Charles Lloyd tenor and alto saxophones, tárogató, bass and alto flutes, piano, percussion
Zakir Hussain tabla, voice, percussion
Eric Harland drums, percussion, piano
Recorded live May 23, 2004 at Lobero Theatre, Santa Barbara, California
Engineer: Dom Camardella (Sound Design Studio)
Produced by Dorothy Darr and Charles Lloyd
“When the spirit is blowing, I know I have to hoist my sails to catch the breeze,” says Charles Lloyd. Indeed, the Memphis-born saxophonist and spiritual walker has left footprints in many a patch of earth, each with its own song to sing. Yet nothing has leveled the playing field of his already vast history with such vitality as Sangam. The name of this fruitful side project, which Lloyd shares with tabla legend Zakir Hussain and prodigious jazz drummer Eric Harland, connotes “confluence, a meeting place, a gathering or coming-together, literally or metaphorically.” This recording—Lloyd’s first live outing for ECM—thus takes the post-Higgins era in a profound new rhythmic direction while also paying homage to the worldliness that Lloyd’s late ally brought to their journeying hearts.
This new trio rides the same wave, shares the same breath, and, as the title of “Dancing on One Foot” implies, moves through the same body. Hussain’s unmistakable groove and Harland’s brushwork set the scene, through which Lloyd wanders with his favored tárogató in hand, stitching the universe. Hussain attends to tuning as would a painter to color, matching tone and thickness to suit each canvas and subject in kind. This is especially apparent in “Tender Warriors,” an emblematic piece for the group that features Lloyd’s all-too-rarely employed alto, as well as in “Nataraj.” In “Guman,” the album’s only tune not written by Lloyd (it is by Hussain), its composer sings hand in hand with flute, weaving and veining the arid plains with the concert’s most intimate pathways.
Also remarkable are the ways in which Hussain and Harland communicate throughout. One might expect, in such a young configuration, that Harland would be feeling his way through the shadow of his fellow rhythmatist, when in fact he meets Hussain in creative brotherhood. Lloyd’s tenoring is, though, a force to be reckoned with, imbuing a range of mountains and valleys with snow and flora, respectively. “Tales of Rumi” is among the more epic statements in this regard, a portal to infinite others. Here the trio enacts a transfiguration, a triangle within a triangle within a triangle: the album’s title made manifest. Through it all, Lloyd fast-forwards through eons of cosmic history (were it not for Hussain’s playful quotation of Rossini’s William Tell overture, we might hardly associate the music with Earth). The title track, too, is a thematic tour de force, sandwiching Lloyd between the drummers with commonality and freedom. Even when Lloyd is invisible, the other senses tell us he is there. “Hymn to the Mother” and “Lady in the Harbor,” each a soulful dirge, handles emotions as if they were fragments of a broken window. Piece by piece, they reconstruct the prism, so that in “Little Peace” they can dance without fear. Theirs is a butterfly effect, whose catalysts are life, love, and laughter.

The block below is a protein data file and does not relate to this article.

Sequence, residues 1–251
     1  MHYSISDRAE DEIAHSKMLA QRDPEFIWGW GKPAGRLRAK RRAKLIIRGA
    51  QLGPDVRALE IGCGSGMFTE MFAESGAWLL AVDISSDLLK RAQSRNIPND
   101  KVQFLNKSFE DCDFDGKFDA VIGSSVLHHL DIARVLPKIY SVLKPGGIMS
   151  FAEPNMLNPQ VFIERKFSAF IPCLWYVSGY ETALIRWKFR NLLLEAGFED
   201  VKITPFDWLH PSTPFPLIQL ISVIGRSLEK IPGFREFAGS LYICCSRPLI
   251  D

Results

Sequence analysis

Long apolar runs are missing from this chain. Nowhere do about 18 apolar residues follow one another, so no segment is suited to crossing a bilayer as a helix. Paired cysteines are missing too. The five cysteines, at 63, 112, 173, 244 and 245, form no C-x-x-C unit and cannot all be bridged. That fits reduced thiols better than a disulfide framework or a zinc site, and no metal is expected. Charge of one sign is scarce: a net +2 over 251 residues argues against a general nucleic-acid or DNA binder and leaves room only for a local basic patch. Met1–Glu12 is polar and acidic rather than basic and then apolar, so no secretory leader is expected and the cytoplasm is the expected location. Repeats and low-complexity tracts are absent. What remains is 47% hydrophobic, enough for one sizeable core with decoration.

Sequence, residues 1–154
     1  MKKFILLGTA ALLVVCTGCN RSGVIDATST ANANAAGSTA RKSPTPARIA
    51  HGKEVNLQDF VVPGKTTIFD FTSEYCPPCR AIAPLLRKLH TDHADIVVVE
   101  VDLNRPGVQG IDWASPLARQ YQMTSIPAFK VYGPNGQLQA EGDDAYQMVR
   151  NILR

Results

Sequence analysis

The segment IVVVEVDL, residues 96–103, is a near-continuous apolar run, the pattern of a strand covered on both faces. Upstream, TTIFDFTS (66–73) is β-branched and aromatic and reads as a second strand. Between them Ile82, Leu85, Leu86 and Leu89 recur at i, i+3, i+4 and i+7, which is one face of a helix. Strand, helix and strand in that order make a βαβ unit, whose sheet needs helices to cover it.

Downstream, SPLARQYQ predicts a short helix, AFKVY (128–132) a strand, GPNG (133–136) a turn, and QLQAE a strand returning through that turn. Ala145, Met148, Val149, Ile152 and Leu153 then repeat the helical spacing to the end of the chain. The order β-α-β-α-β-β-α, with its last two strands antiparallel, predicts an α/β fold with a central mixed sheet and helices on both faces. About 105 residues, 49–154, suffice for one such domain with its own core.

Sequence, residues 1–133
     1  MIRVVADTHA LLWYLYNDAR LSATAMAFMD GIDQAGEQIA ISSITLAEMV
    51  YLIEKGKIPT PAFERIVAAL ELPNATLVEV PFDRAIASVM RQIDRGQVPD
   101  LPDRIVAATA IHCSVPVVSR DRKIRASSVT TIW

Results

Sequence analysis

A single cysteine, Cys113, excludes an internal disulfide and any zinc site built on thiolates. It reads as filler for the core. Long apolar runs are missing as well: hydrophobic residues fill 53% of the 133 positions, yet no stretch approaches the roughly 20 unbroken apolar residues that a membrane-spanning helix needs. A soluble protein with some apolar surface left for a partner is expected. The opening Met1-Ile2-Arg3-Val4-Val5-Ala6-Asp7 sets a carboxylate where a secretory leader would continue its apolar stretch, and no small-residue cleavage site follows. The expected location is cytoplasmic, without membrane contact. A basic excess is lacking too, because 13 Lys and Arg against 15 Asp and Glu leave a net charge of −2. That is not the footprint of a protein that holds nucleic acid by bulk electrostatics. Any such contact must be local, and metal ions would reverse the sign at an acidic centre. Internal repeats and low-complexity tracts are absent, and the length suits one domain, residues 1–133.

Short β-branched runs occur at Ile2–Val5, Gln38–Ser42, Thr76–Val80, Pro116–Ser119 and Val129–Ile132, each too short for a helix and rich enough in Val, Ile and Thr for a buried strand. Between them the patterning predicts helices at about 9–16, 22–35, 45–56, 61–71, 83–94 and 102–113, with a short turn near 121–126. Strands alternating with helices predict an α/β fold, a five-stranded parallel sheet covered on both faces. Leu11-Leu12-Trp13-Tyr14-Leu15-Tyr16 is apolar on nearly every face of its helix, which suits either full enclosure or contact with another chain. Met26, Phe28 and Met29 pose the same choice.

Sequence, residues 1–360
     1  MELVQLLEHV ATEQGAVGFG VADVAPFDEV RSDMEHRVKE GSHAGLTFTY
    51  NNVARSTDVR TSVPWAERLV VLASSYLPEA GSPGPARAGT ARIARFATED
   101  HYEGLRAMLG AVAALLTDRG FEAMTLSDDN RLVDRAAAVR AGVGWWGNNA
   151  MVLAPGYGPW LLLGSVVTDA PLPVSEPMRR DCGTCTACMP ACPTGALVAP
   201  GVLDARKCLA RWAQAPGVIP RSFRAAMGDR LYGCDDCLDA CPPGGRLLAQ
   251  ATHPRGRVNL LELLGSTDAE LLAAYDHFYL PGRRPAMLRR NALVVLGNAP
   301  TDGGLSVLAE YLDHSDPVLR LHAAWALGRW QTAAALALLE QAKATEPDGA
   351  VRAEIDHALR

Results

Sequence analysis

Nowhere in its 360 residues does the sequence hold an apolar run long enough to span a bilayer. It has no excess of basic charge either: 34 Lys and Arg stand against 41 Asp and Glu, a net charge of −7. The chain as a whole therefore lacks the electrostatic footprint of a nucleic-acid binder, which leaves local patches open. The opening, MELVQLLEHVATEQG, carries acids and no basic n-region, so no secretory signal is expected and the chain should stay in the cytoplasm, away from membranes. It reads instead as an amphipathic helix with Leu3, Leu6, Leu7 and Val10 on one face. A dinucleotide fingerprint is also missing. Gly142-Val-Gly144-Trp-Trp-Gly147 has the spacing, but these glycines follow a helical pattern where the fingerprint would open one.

Three sages light up the night with the memory of a solar flare. Responsive as responsorial, they render jazz at a universal level. Sangam has the power to bleed the offshore accounts of our needless indulgences dry and redirect their provisions to those who need them most. It is an anthem, a tumbling of the social ladder to a horizontal plane.
Three as one. One as three.